Handling the Wind and Waves
“Start living now. Stop saving the good china for that special occasion. Stop withholding your love until that special person materializes. Every day you are alive is a special occasion. Every minute, every breath, is a gift from God.” ~ Mary Manin Morrissey
We have enjoyed a nice hot summer to date. Oh, it has not been without its challenges but I did finally get to take my boys and Katie out on the waters of Lake Muskoka for a couple of canoe trips and learned that I still possess all of the paddling skills drilled into me at Camp Mazinaw. OK. My knees don’t bend quite as easily but what the hell. It was so much fun to get back in the boat with a paddle in my hand.
One of the things you learn when canoeing is how to handle the wind and waves. You can in fact use the wind to your advantage and sometimes the waves can be great fun if you time your strokes just right and surf down the crest. Other times it is just damn hard slogging as you struggle to move the craft forward efficiently to reach your destination high and dry.
This disease features few moments of calm water. Most of the time we’re paddling against the wind and sometimes it even appears as though we’re moving one stroke forward and two strokes back. That’s why Katie and I both believe so powerfully in the benefit of mindfulness – achieving the hard-won ability to live for the moment. I look at this photograph and I note my Cheshire cat grin, how Gabe looks so happy (even with the blob of sand on his cheek) and how we’re touching each other. In this moment I was completely present. I was completely happy. All thoughts of cancer and mortality were far from my mind.
That’s what living in the present moment can do for you.
Another thing it can do it bring you a constant reminder to remember that thoughts are not facts.
I know when I wrote of this in a earlier blog that some readers had a bit of a hard time grasping this notion.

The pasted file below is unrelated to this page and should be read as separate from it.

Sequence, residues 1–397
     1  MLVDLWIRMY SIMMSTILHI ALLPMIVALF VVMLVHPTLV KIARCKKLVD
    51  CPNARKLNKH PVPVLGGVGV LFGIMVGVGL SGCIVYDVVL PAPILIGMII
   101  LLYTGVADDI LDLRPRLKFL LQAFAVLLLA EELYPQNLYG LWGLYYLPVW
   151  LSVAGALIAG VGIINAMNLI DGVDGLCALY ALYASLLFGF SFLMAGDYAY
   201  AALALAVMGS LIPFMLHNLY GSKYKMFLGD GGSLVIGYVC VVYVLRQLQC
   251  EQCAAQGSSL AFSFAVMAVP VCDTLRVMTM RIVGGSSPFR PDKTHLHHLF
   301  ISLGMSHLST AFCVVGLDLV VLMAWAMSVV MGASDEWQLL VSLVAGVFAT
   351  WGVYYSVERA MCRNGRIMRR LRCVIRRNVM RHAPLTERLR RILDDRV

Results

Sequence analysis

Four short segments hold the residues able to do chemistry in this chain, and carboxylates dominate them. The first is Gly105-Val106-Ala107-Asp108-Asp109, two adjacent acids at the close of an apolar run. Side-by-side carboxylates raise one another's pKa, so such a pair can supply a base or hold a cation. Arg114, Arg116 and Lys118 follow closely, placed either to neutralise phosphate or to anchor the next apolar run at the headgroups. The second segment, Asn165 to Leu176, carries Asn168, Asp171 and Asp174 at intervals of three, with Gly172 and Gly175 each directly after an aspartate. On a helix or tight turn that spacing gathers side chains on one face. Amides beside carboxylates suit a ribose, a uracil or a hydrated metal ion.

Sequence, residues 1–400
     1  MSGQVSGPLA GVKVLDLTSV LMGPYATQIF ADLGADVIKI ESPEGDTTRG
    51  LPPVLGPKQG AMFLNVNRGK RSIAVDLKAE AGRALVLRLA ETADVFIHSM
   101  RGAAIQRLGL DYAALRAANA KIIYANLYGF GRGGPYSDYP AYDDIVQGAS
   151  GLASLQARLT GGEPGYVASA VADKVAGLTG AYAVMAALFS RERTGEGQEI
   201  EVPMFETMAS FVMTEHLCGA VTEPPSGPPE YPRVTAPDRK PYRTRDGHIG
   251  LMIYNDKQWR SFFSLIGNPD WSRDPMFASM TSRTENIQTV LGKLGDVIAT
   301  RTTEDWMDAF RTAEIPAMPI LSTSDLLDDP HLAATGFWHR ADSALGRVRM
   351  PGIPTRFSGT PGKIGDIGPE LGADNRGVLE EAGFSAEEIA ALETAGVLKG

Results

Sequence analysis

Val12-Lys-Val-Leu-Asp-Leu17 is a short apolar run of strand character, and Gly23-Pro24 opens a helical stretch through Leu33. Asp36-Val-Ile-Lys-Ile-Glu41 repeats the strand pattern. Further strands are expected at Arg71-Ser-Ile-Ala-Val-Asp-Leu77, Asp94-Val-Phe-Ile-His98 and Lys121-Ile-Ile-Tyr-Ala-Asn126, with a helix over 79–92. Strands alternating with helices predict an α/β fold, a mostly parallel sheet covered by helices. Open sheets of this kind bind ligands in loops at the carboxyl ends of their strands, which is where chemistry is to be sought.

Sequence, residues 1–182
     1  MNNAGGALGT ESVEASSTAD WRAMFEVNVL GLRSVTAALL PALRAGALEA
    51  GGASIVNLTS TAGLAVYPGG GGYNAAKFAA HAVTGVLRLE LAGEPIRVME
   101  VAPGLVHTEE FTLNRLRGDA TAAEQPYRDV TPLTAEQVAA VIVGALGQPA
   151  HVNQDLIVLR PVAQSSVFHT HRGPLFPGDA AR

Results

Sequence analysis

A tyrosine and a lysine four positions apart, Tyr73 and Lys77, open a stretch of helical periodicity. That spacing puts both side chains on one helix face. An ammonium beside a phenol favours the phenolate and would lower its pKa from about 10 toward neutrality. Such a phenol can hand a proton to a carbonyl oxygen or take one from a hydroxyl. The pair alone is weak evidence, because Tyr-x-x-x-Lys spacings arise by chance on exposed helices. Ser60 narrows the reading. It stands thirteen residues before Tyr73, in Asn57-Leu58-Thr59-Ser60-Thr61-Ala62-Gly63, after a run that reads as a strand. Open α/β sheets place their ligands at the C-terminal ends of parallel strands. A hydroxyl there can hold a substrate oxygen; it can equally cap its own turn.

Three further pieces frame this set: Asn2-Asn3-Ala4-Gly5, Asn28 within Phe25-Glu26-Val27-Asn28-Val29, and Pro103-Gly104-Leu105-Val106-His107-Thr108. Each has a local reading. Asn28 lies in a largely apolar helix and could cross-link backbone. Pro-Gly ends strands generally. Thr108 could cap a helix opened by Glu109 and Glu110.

Put most simply it means this – when we allow our thoughts to drive our feelings we surrender too much. If we think for example, I am 60, I haven’t paddled for several years, my knees are crap, and what if we tip then I will be unlikely to set out on a little canoe jaunt with my family. If I believe that those thoughts are entirely factual and real I will resign myself to a Barcalounger never to emerge again. The fact is – I am 60, I haven’t paddled for years, my knees are crap BUT the motivation remains and my skills remain and my purpose to bring joy to my family and wonder to my sons is powerful and my thoughts in this case are nonsensical and self-defeating. I can CHOOSE not to let those thoughts dictate how I CHOOSE to live in the present moment. We also need to remain powerfully committed to the notion that we shall not die before we die!
This all came to mind when we heard from our friend Catherine.
We were gutted by the news that she was once again undergoing PET, CT, and bone scans and visits with the oncologist and having to anticipate the results of an upcoming biopsy. Our thoughts were immediately negative and fearful. The facts however are that until we learn otherwise she and her wonderful man are keeping hope alive and finding strength in the realization that life is not over ’til it is over.
Yes, the waves are high and the winds powerful.
Yes, the canoe is tippy and feels less secure than when we traverse calm waters.
But we move forward with skill and confidence knowing that whatever comes to be we are loved and love.
We will commit to living in the present moment and offer Catherine, Zsolt and all the many others in this community our continued support.
- A Moment to Share or Rainbow Reflections (caregiving.com)
- Who Stands By You When it Hits the Fan? (Literally) (caregiving.com)
- An Update on Smokey and My Mother-In-Law (caregiving.com)
- Dementia Care: How Do I Handle the Caree’s Anger and Frustration? (caregiving.com)
- Video Chat: Caring for Grandparents (caregiving.com)